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02.04.2021 • 5 minutes
In a recent woobinar, we shared 8 best practices to apply in your course design to help improve your students’ learning. However, before we get to that, let’s have a quick look at the fundamental principles of cognitive science on which these practices are based. In other words: how do students learn best?
Since the mid-1950s, cognitive science has sought to understand how the human brain acquires, uses and transmits knowledge. According to cognitive psychologist, neuroscientist, and Professor Stanislas Dehaene, there are 4 main contributors to successful learning, which he refers to as the “four pillars of learning”.
“That’s great, but how do I apply it in my course design?”
I’m glad you asked, because we’re about to look at a few tips to capture your students’ attention, keep them engaged, and help them recall and consolidate what you want to teach them.
1. Use Icebreakers
An icebreaker aims to get the conversation started, by breaking the awkwardness or silence, getting people to know one another, and simply giving them the chance to interact. The best thing about icebreakers is their range: any question or challenge can be used to break the ice.
This includes ideas like:
2. Arouse the students’ curiosity
When starting a new chapter, try telling an anecdote, performing an experiment, or asking your students what they know about the topic you’re going to broach. For example, Wooclap lets you create Word clouds with your students, giving you a snapshot of what they are thinking about at that moment, and making them feel invested in the lesson.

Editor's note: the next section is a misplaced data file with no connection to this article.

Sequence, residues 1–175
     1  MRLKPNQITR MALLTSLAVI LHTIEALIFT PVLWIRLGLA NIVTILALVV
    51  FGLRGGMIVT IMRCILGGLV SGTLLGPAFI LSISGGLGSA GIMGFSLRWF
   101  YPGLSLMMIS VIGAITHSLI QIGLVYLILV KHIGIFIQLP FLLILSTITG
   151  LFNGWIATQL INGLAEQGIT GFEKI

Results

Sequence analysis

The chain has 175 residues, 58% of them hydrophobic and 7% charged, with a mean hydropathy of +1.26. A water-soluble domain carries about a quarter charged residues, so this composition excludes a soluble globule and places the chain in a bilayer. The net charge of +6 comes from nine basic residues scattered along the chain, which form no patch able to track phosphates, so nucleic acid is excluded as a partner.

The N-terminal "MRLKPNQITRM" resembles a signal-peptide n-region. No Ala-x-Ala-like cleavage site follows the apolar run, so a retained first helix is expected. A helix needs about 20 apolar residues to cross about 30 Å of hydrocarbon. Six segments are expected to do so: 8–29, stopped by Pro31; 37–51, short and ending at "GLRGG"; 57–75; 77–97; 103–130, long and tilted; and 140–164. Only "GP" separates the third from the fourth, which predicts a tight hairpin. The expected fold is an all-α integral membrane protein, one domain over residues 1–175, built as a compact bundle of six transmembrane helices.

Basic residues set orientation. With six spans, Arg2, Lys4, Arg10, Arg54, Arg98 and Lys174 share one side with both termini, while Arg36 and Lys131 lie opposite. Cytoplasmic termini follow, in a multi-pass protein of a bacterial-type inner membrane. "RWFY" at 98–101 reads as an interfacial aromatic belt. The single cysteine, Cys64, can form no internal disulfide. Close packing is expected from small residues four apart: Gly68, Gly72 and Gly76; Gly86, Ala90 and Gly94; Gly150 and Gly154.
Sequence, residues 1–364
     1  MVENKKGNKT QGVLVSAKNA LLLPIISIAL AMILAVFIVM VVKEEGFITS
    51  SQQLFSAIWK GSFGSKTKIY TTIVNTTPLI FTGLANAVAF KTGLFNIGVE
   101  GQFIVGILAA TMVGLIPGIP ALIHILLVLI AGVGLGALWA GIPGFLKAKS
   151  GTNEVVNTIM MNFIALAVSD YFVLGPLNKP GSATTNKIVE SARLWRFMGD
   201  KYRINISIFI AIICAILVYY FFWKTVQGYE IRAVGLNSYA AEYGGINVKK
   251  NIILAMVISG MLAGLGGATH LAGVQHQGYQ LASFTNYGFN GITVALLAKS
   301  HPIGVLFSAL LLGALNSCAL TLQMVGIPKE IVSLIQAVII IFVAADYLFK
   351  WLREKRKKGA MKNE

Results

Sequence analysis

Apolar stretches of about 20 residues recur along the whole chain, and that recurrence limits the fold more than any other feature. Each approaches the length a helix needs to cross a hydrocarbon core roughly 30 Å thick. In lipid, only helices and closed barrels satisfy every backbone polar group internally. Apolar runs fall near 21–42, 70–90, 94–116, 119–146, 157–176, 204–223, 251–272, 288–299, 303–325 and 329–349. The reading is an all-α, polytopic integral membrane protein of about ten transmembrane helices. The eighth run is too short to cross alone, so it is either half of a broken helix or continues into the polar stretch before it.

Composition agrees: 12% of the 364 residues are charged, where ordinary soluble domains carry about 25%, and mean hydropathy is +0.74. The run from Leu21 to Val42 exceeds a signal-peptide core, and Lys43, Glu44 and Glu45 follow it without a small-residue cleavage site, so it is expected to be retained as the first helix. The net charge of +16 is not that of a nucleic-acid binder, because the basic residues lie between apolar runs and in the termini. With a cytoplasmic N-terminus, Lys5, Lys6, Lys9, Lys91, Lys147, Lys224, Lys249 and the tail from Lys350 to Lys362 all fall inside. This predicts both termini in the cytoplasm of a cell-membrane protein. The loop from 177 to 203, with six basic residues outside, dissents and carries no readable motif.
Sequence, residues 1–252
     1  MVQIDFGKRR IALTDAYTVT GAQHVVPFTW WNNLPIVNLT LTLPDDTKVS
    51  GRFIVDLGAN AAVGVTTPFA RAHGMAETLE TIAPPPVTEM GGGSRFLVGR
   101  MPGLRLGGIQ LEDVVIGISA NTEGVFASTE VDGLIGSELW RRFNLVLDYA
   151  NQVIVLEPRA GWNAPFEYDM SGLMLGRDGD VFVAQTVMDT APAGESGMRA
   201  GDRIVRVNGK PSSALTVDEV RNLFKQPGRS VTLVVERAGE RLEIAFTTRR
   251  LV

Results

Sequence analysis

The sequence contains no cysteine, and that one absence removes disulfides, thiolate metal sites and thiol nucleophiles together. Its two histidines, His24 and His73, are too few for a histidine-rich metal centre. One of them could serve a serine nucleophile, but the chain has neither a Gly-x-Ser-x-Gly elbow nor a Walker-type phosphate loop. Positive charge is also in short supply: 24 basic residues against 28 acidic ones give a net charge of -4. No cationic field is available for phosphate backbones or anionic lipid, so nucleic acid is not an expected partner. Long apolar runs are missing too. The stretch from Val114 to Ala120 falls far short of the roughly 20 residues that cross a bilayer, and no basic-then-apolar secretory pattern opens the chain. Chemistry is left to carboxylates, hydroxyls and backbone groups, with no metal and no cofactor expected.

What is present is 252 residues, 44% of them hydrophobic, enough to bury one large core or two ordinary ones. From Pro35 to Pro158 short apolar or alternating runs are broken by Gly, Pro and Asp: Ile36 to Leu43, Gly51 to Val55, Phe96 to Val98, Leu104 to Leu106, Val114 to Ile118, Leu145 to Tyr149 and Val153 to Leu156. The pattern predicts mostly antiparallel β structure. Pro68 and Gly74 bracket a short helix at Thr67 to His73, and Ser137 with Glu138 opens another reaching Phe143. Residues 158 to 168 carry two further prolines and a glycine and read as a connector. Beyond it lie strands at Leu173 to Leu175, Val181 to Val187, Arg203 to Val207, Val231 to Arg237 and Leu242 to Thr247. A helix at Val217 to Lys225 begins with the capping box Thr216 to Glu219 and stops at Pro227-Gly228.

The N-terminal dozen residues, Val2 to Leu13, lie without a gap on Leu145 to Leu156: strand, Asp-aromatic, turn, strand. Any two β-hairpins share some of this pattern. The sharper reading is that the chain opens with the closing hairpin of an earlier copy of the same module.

3. Regularly ask them to participate in an activity
Though researchers can’t agree on the length of the average person’s attention span, they do agree that listening passively does not help. It is better for students to ask themselves questions, speculate about potential hypotheses, or perform experiments to fully understand what they are learning.
That is why it is important to regularly ask learners to actively participate in some way - or actually, in many different ways:
4. Diversify the types of activity
Try to switch up the activities you offer to avoid creating a repetitive pattern within your course: quizzes, games, debates, peer-to-peer instruction… These are but a few of the many ways in which you can liven up a lecture and create real student engagement.
For example, Wooclap alone offers more than 15 different question-types you can use to ask students to participate in a new and stimulating exercise.
5. Use anonymity to increase participation
Thanks to digital tools like Wooclap, students now have the ability to participate in a lesson without having to raise their hand or voice.
Anonymous participation can be liberating for many students, because it allows them to contribute to the lecture without the fear of public speaking and embarrassment. As a tutor, this gives you a clear window into the minds of all your learners, not just the few who don’t mind speaking in front of an audience.
6. Gamify your course
Gamification and competition increase the appeal of learning activities. Students are more engaged when they are asked to take part in something new, innovative, and fun. You can ask students to perform experiments, turn your course into a quest, design pedagogical escape games, make students solve a series of puzzles, and more!
7. Activate your students’ memory
This is one of those things that seems easier said than done, but is it really? Stimulating students’ brains to create and activate neural connections is paramount, but that doesn’t mean it has to be difficult. Here are two learning strategies that can be easily implemented:
8. Get feedback to keep improving your future courses
Don’t forget that feedback is a two-way street: students may look to you for feedback on how they did on a test or activity, but you can ask them for the same thing. By finding out what they enjoy, their likes and dislikes, you eventually develop learning methods that are not only effective, but enjoyable for everyone involved.
If you want to learn more about these 8 tips and how you can implement them in your courses, you can have a look at the woobinar here!
Content Editor @Wooclap. I love to write, learn, write about learning, and learn about writing. And hit readers with puns they don't see coming. You know, sucker puns.
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